Adelaide – once the home of Formula 1’s Australian Grand Prix – has emerged as a genuine contender to host the World Rally Championship the next time it visits Australia.
The South Australia state government is coming under pressure to bring world-class competition to the region after it ditched its Supercars round along with high-profile cycling and tennis events.
Rally Australia, which didn’t run due to the bushfires in 2019, is not expected to return to the New South Wales coastal town Coffs Harbour where it has been based in recent years. Instead, an NSW shift to Bathurst near the Blue Mountains had been on the cards for the event’s expected 2021 return.
Adelaide is now understood to be ready to fight for the right to host a WRC round for the first time – but that battle could become a three-way scrap with Victoria recently announcing a AUS$100million major events fund, which would be more than enough to land a multi-year deal with WRC Promoter.
Tim Possingham is the organizer of Australia’s biggest asphalt rally – the Adelaide Rally – and he says South Australia makes a good case.
“For all the reasons the Adelaide Motorsport Festival and Adelaide Rally works — and why the Adelaide Grand Prix was a success — a WRC event in Adelaide would also work,” said Possingham.
“We have the proximity factor that no other capital city has. At the same time, the approach of the government and South Australia Tourism Commission to support more, smaller events, is a good strategy.”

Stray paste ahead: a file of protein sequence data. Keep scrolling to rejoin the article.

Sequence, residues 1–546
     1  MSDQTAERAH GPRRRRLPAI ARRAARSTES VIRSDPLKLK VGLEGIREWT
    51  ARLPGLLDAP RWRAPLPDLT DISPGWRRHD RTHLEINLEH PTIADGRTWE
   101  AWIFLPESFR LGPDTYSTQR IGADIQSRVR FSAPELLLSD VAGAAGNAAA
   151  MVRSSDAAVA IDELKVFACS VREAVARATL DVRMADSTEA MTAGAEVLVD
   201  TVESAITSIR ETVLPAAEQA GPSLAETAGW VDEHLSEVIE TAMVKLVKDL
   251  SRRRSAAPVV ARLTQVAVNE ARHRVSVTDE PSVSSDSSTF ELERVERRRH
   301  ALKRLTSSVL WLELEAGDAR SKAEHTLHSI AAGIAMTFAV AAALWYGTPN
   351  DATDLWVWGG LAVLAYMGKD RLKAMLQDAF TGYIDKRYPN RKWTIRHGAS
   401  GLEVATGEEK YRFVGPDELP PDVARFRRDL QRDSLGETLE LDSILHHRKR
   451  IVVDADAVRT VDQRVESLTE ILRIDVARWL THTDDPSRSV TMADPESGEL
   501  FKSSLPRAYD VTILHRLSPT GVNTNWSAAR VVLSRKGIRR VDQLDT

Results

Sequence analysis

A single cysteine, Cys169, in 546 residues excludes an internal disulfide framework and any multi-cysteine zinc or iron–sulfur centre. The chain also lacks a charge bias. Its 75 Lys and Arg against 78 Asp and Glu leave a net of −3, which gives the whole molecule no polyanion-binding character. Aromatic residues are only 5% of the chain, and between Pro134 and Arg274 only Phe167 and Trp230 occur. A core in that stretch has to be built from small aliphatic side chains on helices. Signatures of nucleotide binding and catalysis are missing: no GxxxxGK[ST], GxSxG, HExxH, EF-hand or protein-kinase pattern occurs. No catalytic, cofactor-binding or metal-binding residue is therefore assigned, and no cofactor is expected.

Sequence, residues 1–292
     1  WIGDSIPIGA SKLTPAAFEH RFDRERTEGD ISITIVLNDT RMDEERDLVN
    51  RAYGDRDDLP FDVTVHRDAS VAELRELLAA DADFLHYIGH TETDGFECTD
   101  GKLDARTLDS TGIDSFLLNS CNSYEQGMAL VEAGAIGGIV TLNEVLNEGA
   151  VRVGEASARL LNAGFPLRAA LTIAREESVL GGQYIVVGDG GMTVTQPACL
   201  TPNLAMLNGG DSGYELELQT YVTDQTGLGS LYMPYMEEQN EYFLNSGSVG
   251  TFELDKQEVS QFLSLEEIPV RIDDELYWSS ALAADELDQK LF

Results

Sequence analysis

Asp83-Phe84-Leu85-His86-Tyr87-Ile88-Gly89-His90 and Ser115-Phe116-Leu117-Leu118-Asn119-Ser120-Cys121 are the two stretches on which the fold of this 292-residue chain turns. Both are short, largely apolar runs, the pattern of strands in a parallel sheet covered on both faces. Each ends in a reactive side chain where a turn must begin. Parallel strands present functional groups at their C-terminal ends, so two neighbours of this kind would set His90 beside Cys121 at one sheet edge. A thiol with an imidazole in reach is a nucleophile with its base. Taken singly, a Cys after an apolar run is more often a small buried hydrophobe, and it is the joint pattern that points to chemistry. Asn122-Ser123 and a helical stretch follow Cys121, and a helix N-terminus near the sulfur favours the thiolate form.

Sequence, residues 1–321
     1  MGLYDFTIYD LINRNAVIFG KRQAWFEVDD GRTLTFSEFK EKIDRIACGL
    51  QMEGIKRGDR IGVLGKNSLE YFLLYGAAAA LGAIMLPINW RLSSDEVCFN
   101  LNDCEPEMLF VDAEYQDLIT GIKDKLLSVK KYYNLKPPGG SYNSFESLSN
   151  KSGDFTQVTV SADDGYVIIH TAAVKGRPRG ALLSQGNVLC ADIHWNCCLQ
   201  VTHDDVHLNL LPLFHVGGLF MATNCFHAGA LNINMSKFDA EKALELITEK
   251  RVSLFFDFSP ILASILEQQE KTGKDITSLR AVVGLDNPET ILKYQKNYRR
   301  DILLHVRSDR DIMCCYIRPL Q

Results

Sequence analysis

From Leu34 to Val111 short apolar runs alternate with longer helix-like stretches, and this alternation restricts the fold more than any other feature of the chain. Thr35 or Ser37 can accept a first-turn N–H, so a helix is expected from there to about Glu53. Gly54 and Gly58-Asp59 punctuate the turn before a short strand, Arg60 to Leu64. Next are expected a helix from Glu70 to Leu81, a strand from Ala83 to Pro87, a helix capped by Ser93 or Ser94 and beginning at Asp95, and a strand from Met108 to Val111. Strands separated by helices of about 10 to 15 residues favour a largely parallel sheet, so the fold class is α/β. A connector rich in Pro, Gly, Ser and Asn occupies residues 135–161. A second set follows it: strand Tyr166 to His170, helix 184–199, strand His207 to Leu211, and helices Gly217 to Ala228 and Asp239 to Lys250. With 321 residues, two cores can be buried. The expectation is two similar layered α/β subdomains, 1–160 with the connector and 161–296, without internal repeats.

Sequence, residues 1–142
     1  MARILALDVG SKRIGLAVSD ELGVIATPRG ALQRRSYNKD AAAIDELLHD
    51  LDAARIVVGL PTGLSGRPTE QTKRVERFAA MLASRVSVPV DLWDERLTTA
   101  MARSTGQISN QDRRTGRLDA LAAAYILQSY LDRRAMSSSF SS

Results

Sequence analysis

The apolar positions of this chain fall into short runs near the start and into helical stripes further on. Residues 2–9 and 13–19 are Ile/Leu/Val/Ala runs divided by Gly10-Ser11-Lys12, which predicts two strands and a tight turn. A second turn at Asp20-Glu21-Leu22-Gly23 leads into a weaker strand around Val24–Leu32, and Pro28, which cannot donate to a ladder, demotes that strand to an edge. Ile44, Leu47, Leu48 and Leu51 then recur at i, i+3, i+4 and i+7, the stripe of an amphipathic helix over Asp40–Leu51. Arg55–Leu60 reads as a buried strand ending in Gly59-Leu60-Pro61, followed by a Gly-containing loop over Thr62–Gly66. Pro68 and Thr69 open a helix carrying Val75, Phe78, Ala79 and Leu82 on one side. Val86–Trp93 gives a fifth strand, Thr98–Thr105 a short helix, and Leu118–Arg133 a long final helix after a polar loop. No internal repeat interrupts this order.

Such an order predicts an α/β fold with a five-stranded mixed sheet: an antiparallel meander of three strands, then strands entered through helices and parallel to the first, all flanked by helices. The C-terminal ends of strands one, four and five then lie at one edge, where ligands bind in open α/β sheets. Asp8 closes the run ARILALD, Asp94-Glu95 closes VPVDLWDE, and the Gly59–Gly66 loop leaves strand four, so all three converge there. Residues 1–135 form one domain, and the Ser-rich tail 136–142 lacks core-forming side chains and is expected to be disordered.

With this year’s event cancelled due to coronavirus and next year being skipped for related travel reasons, Motorsport Australia chief executive Eugene Arocca is determined to see world-class rallying back.
“Motorsport Australia wants to see the rally in this country under any circumstances,” said Arocca.
Despite no end of rumors about a Mount Panorama base, those close to Rally Australia admit there’s been little progress.
“Nothing is signed with Bathurst,” one source told DirtFish. “It seems everybody in Europe is talking about it like it’s a done deal, but maybe they forgot to tell folk down here… from what we can see getting a few states battling over the chance to host a WRC round is a good thing for the rally and for the sport.”
A maiden WRC outing in Adelaide would feature gravel mileage in the Adelaide Hills, Barossa Valley and Fleurieu Peninsula. It would also return the FIA’s highest-level competition to the city for the first time since F1 shipped out to Melbourne in 1996.